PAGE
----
Anita Hayward, Country Head UK, Naqel Express: One option for retailers to approach the tough trading environment domestically would be to look to other consumers internationally and potentially to markets they may not have considered previously. For example, in the Middle East, annual e-commerce growth is at least 30% and e-commerce is still less than 2% of the GDP contribution so the market still has great potential for growth.

‘Furthermore, for the key markets there - Saudi Arabia and United Arab Emirates, B2C shipments have simple customs requirements with low customs duties and VAT. In addition, the local population is drawn to UK and western brands associating them as being on ones of quality or on trend. Therefore, the fact that in countries such as Saudi Arabia, they have a young population (70% of the population under 30 years old) with high buying power, smartphone and internet use, can truly offer retailers a viable alternative market to their more traditional trade lanes.’

And reversing the picture, data from eShopWorld shows that UK shoppers themselves looked overseas during 2018’s peak, further clarifying the opportunity which cross-border commerce represents.

Scott Lindsay, Head of Marketing, EMEA, eShopWorld: ‘While Black Friday may have been sluggish from a domestic perspective, UK shoppers were very active shopping across borders during peak, a trend that was consistent globally. Data eShopWorld released showed that cross-border global e-commerce sales grew by 35% across major markets during the 2018 peak pre-Christmas shopping period (November 15–December 20) year over year, with sales growth led by the UK, Canada, Australia, Mexico and Germany. In Mexico alone, cross-border online sales grew by a massive 120% year over year during the pre-Christmas peak, with Australia recording 44% growth.’

But the cross-border question is one which some retailers don’t have the means or resources to ask. For the homegrown retailer who’s looking to be domestic for a while longer, is there a definitive path to follow? Well, it’s by no means definite, but online retail continues to grow at a faster rate than its physical counterpart. Homing in on ecommerce optimisation may provide that much-needed uptick.

Shipping

Bolster Your Online Presence

For some retailers, refining the online store has a chance of giving profits a nudge in the right direction. This assertion comes jointly from eShopWorld and PFS, who both voice their support of online’s continued expansion.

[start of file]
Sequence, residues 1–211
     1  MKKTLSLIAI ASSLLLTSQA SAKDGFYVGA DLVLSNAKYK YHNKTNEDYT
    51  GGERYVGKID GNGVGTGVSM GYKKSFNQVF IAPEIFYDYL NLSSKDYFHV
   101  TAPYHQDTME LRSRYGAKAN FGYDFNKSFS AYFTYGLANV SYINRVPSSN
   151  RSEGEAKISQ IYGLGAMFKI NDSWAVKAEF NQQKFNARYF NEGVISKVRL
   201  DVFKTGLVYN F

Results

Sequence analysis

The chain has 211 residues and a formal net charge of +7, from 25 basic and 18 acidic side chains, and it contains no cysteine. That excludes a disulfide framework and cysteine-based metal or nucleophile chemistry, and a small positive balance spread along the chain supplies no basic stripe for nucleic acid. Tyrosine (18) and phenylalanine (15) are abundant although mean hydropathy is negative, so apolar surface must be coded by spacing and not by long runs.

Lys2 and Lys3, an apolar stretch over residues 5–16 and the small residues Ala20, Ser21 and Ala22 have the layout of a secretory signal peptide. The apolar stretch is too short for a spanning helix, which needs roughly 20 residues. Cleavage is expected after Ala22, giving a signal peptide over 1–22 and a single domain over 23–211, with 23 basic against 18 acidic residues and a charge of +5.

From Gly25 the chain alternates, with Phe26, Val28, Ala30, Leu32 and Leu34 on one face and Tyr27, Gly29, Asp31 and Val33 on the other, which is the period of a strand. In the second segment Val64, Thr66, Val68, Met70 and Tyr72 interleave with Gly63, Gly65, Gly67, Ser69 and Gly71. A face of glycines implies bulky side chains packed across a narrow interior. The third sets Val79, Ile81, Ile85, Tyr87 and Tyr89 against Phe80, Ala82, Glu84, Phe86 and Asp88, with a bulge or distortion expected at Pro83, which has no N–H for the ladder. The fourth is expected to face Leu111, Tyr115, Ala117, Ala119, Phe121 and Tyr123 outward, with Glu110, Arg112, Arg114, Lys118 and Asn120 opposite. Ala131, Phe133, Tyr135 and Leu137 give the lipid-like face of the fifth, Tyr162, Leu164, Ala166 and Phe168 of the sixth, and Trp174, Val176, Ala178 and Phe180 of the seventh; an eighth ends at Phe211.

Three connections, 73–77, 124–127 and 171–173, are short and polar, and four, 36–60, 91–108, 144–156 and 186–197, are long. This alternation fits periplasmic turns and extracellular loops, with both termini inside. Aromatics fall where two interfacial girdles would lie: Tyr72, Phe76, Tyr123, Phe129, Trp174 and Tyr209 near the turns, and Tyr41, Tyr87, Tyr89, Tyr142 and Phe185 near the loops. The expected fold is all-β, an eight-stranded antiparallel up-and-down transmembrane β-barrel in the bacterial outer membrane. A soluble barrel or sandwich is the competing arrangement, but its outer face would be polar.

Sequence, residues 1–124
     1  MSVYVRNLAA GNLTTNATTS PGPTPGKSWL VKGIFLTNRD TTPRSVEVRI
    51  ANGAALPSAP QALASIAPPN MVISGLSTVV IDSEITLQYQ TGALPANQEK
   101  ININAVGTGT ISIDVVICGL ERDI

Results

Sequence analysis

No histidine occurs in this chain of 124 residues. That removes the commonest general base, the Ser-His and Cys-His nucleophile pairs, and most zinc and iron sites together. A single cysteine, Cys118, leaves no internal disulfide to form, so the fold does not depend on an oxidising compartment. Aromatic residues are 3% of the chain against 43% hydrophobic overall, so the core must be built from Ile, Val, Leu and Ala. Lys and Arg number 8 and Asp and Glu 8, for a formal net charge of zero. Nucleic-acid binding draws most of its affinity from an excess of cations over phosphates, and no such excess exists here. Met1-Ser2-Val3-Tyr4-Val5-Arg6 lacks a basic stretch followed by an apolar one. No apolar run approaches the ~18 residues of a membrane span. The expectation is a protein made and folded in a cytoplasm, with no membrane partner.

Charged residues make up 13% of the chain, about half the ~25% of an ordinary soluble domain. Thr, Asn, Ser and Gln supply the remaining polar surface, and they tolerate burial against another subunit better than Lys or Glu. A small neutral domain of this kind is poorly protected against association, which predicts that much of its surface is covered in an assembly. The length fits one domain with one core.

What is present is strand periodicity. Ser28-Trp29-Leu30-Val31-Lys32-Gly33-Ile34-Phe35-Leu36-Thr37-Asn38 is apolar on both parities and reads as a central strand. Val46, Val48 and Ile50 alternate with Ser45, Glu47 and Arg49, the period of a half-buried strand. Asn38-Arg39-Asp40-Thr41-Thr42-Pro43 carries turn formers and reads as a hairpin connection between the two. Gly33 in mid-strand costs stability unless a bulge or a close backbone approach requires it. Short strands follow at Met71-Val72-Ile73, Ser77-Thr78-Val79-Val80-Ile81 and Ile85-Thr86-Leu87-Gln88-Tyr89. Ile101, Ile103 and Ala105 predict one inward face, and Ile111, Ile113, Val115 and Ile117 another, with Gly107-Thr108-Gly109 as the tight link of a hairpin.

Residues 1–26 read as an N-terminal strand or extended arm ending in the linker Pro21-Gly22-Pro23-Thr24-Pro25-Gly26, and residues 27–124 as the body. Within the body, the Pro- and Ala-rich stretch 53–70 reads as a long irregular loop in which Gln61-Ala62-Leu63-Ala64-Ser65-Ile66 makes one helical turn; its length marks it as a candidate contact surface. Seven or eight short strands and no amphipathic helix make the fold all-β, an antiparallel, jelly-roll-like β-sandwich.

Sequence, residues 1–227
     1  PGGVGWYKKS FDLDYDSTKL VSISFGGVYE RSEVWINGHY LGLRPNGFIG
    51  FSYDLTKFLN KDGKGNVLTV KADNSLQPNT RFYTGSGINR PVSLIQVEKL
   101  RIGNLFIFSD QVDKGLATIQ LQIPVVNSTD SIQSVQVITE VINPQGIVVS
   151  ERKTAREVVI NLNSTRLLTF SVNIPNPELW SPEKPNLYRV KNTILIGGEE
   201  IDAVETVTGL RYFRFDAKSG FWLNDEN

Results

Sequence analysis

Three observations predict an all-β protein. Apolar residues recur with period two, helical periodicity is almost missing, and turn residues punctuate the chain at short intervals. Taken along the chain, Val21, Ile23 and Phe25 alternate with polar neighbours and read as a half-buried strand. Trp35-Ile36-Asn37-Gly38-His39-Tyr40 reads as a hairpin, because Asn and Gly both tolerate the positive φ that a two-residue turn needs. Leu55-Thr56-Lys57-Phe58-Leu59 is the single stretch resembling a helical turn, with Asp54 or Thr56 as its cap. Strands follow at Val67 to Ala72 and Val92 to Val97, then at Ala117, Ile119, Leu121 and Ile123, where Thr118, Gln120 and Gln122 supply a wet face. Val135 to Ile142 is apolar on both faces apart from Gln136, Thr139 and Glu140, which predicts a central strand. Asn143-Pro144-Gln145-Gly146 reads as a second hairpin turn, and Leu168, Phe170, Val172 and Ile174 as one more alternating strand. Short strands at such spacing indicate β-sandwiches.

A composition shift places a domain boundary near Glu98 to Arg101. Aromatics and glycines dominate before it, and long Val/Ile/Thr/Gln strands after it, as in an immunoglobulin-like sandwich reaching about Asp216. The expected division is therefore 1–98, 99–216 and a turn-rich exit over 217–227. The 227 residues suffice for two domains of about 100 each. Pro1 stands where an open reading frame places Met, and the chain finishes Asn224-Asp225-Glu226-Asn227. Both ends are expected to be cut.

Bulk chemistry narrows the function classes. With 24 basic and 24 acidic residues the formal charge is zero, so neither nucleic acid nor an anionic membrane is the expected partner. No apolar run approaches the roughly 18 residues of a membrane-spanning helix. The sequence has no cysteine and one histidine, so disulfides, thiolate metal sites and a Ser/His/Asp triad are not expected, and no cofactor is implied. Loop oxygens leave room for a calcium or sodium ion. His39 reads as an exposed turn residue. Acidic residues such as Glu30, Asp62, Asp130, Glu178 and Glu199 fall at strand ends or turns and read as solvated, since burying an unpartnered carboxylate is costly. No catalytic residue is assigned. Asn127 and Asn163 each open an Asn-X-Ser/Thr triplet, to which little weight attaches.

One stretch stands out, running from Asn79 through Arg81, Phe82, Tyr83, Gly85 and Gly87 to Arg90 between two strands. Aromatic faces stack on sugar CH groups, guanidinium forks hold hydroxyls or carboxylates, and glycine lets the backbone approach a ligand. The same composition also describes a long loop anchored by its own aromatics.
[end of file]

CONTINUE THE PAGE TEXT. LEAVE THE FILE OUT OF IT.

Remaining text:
Scott Lindsay of eShopworld: ‘The tough trading environment stems from the shift in retail channels, and in spite of the dramatic headlines, this is an area where retailers have a lot more control over their own destiny. The majority of purchases are still made in store, but online is where the real growth opportunities lie, both within and across borders. This shift shows no sign of reversing, so in fact this challenge brings real opportunity for retailers who have the appetite and the ability to invest in their online offering.’

Joe Farrell, VP International Operations, PFS: ‘Yes, retail growth in the UK overall is declining, however it's not consistent across all sectors. For many ecommerce verticals, including health & beauty, clothing and home & garden, sales have actually been increasing for the year. According to the IMRG Capgemini Online Retail Index market results for April 2019, the Health & Beauty sector has experienced 8.5% growth, Clothing 3.7% and Home & Garden 9.8% for the year to date.

‘The time to start prepping for 2019 peak readiness is right now. Retailers who struggled during the holiday peak period in 2018 must address any forecasting, supply chain or systems issues that may have contributed to the poor performance. But as the growth of ecommerce continues to affect shopper behaviour and the typical retail calendar, it's important that ecommerce retailers look more to YoY growth to track performance rather than just looking to peak as the success indicator moving forward.’

Until such a time as shopper confidence returns, a state of optimisation and refinement should be in place: garnering an engaged audience is the name of the current game, and those brands who intrigue and coax in the passing customer should see themselves flourish before long.

Laptop glow

In Summary

Modern day retail is a little less about the product, and a little more about the brand. Shoppers want to share the beliefs of the brands they buy from; they want to experience something new; they want to be spoken to.

In these slightly slower trading conditions, these things matter that much more: after all, an engaged audience is a buying audience, no matter whether that’s now, or during peak, or at some future point when the retail growth scales seek to balance themselves out.

Retail, more than ever, is customer-oriented. And here it is, a second smooth transition in so many weeks: IMRG are hosting a conference on 26th dedicated to understanding the behaviours and preferences of modern-day shoppers. If you haven’t yet done so, book your place at Customer Connect 2019. It’s geared up to be jam-packed full of expert insight.

Will Gillingham, Content Manager, IMRG